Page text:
All participants were submitted to a standard baseline protocol that included a thorough clinical examination (including ABI measurement), laboratory evaluation and 24 h ambulatory BP monitoring. Diagnostic criteria for diabetes-related chronic complications have been detailed previously [34,35,36,37]. In brief, coronary heart disease was diagnosed by clinical and electrocardiographic criteria, or by positive ischaemic stress tests; and cerebrovascular disease by history and physical examination. A diagnosis of nephropathy needed at least two albuminuria measurements of at least 30 mg/24 h or a confirmed reduction in the GFR (eGFR ≤60 ml min−1 [1.73 m]−2 or serum creatinine >130 μmol/l). Peripheral neuropathy was determined by clinical examination (knee and ankle reflex activities, and foot sensation using the Semmes–Weinstein monofilament, vibration with a 128 Hz tuning fork and pinprick and temperature sensations) and neuropathic symptoms were assessed using a standard validated questionnaire . Clinic BP was measured three times using a digital oscillometric BP monitor (HEM-907XL, Omron Healthcare, Kyoto, Japan) with a suitably sized cuff on two occasions 2 weeks apart at study entry. The first measure of each visit was discarded and the BP used was the mean of the last two readings from each visit. Arterial hypertension was diagnosed if mean SBP was 140 mmHg or higher or diastolic BP (DBP) was 90 mmHg or higher, or if anti-hypertensive drugs had been prescribed. Ambulatory BP monitoring was conducted in the following month using Mobil-O-Graph version 12 (Dyna Mapa, Cardios, Sao Paulo, Brazil), and average 24 h SBP and DBP values were registered [36, 37]. Laboratory evaluations included fasting glycaemia, HbA1c, serum creatinine and lipids. Albuminuria was evaluated in two non-consecutive sterile 24 h urine collections.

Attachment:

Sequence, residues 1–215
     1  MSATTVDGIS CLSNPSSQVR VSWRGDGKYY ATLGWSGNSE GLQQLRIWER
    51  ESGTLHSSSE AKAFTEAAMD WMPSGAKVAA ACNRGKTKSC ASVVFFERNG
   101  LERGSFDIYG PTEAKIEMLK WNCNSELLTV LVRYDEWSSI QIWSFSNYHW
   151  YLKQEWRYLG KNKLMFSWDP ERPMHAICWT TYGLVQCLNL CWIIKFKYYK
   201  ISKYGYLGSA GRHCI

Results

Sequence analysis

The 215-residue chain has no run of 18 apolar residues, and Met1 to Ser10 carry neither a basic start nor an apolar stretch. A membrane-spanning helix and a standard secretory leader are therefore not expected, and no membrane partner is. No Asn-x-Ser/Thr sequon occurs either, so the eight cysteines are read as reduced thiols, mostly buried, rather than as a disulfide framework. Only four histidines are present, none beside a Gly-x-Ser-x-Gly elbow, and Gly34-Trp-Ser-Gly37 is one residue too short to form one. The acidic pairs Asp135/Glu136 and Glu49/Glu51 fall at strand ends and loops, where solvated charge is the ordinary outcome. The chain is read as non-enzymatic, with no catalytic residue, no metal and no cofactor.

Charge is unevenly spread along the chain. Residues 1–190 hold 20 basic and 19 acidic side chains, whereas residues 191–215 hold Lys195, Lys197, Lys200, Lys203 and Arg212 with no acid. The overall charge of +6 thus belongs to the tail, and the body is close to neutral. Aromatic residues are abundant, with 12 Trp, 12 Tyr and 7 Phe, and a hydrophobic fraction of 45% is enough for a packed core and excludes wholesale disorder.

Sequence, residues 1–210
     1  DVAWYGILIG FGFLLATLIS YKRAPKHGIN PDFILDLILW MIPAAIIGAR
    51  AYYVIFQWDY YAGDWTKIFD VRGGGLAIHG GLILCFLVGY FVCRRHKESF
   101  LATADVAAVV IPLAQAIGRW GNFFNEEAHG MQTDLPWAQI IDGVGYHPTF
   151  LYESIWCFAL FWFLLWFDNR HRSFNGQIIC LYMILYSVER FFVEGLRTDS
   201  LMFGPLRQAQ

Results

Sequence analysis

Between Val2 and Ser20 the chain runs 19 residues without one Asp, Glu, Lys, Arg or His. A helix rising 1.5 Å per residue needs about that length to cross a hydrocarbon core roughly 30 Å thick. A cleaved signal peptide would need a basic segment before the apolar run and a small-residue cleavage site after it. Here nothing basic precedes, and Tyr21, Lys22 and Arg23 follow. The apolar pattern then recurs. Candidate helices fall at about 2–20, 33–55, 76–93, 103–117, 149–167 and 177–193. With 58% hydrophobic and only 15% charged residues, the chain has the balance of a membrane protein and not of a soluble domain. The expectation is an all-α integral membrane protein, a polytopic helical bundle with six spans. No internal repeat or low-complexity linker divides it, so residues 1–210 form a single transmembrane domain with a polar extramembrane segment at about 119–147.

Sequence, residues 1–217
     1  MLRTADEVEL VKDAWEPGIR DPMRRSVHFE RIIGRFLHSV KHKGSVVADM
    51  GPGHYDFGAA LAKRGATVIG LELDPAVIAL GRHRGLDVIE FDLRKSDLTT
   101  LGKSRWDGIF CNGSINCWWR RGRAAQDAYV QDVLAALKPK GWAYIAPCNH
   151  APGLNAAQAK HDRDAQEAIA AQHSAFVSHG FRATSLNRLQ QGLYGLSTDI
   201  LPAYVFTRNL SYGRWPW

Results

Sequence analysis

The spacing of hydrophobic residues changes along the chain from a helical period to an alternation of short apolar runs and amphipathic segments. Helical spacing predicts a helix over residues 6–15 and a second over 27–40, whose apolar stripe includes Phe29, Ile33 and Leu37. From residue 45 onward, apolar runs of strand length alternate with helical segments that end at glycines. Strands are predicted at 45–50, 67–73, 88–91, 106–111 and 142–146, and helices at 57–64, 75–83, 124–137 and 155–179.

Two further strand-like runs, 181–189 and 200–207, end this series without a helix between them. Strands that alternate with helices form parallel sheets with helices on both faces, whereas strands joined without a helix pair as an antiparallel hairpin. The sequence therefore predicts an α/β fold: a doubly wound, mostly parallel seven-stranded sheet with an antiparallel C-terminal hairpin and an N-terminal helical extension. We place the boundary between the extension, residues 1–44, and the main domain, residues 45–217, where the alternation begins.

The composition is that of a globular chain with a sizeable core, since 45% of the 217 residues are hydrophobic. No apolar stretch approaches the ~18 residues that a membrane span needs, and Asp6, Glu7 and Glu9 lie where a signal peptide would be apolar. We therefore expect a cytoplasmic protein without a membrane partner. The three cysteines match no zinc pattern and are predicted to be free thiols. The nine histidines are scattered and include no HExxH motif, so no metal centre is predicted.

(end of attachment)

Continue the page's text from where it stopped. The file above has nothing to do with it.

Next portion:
After resting supine for at least 5 min, two BP readings were taken sequentially from each brachial and posterior tibial artery (total of eight measurements: four brachial and four tibial) using the same digital oscillometric BP monitor (HEM-907XL, Omron Healthcare) and were validated for ABI measurement [38, 39]. The ABI was calculated as the lowest tibial BP in either leg divided by the highest brachial BP in either arm . An ABI value of ≤0.90 was considered indicative of PAD. All ABI measurements were performed at baseline by a single independent examiner who was unaware of other clinical data.